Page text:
|Day's range||7,117.15 - 7,214.23|
|52-week range||6,536.50 - 7,727.50|
Aug.16 -- The FTSE 100 and the FTSE 250 have reopened following other European indices higher. This comes after a delay of one hour and 40 minutes because of a glitch at the London Stock Exchange. Bloomberg’s Jan-Patrick Barnert reports on “Bloomberg Surveillance.”
Increasingly, top executives think carefully about their weight for health reasons. UK boards are helping them shed some pounds. Pay for bosses of Britain’s largest public companies fell more than a tenth to £3.4m on average last year, a five-year low, says Deloitte.
Median pay for a FTSE 100 chief executive was £3.4m in the last financial year, down from £4m in the previous period, according to a Deloitte analysis of filings in the latest season of annual general meetings.
(Bloomberg) -- The London Stock Exchange Group Plc suffered its longest glitch in 8 years, just weeks after the three-century old exchange unveiled plans to become a data and trading powerhouse.Shares in the key FTSE 100 and the FTSE 250 indexes resumed trading at about 9:40 a.m. after an outage that lasted about an hour and 40 minutes, according to a statement. Companies in those benchmarks include HSBC Holdings Plc, BP Plc, and AstraZeneca Plc. The LSE also suffered a one-hour trading delay in June 2018 caused by a software issue.Friday’s glitch comes as LSE agreed to snap up Refinitiv just weeks ago in a $27 billion blockbuster deal, betting on a future dominated by data. It also comes as investors are hit by rocky markets. The U.K.’s looming departure from the European Union, the U.S.-China trade dispute and concern about a recession are all causing price swings.The London snag also meant that traders who deal in related securities and index trackers were flying blind without prices for the underlying stocks.“The impact to us is quite large as we are FTSE index traders and the futures are open,” said John Moore, a trader at Berkeley Capital Wealth Management. Without seeing the underlying stock prices, it was difficult to know whether the futures price was “a true reflection of fair value on the FTSE.”The LSE blamed the outage on a “technical software issue,” according to a statement.Other global market exchanges have been hit with technical woes in the past few months. In the U.S., a technical error at exchange operator CME Group Inc. in February this year caused a trading halt of about three hours, preventing the buying and selling of contracts tied to U.S. Treasuries, stock futures and commodities.Apple Inc., Google parent Alphabet Inc. and other major stocks had a bizarre last few minutes of trading this week, as data glitches hampered U.S. markets for a second day.(Adds Refinitiv deal in third paragraph.)To contact the reporters on this story: Jan-Patrick Barnert in Frankfurt at firstname.lastname@example.org;Harry Wilson in London at email@example.comTo contact the editors responsible for this story: Ambereen Choudhury at firstname.lastname@example.org, Keith CampbellFor more articles like this, please visit us at bloomberg.com©2019 Bloomberg L.P.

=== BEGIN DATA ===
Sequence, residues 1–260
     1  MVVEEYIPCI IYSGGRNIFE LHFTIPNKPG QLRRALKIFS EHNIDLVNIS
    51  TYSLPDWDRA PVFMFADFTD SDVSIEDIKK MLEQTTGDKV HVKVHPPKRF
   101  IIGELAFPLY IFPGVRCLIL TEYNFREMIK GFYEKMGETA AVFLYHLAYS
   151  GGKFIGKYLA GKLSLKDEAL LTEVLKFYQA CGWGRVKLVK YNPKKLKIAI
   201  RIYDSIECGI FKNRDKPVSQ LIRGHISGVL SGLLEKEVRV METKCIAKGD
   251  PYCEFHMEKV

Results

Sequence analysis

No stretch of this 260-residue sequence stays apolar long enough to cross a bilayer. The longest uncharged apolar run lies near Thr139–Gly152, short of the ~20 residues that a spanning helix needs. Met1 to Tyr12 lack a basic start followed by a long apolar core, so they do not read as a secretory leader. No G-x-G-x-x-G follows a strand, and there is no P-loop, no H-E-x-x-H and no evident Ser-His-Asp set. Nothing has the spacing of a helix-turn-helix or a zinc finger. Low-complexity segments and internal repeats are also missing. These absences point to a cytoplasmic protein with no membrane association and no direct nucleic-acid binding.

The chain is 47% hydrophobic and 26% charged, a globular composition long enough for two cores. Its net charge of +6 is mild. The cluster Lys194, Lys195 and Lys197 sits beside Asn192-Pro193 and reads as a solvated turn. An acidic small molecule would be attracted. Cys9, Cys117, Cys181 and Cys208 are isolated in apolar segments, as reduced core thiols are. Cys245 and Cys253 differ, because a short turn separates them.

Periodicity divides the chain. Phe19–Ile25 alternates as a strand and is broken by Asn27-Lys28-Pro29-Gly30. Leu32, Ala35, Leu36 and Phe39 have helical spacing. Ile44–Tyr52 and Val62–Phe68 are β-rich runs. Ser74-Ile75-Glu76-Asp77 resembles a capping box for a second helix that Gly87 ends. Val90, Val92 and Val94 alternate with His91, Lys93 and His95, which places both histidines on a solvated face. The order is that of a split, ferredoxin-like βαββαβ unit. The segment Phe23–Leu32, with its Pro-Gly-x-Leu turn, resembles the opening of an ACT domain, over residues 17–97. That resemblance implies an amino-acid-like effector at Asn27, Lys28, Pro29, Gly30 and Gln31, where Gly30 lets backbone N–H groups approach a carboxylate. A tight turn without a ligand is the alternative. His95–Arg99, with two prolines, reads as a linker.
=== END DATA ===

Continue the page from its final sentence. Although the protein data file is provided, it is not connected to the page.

A software glitch on the London Stock Exchange caused a nearly two-hour delay to the start of trading on Friday, in the most serious malfunction for the LSE in eight years. The outage affected securities listed on the FTSE 100 and 250, the two main UK stock indices, which track large and midsized companies worth about £2.3tn.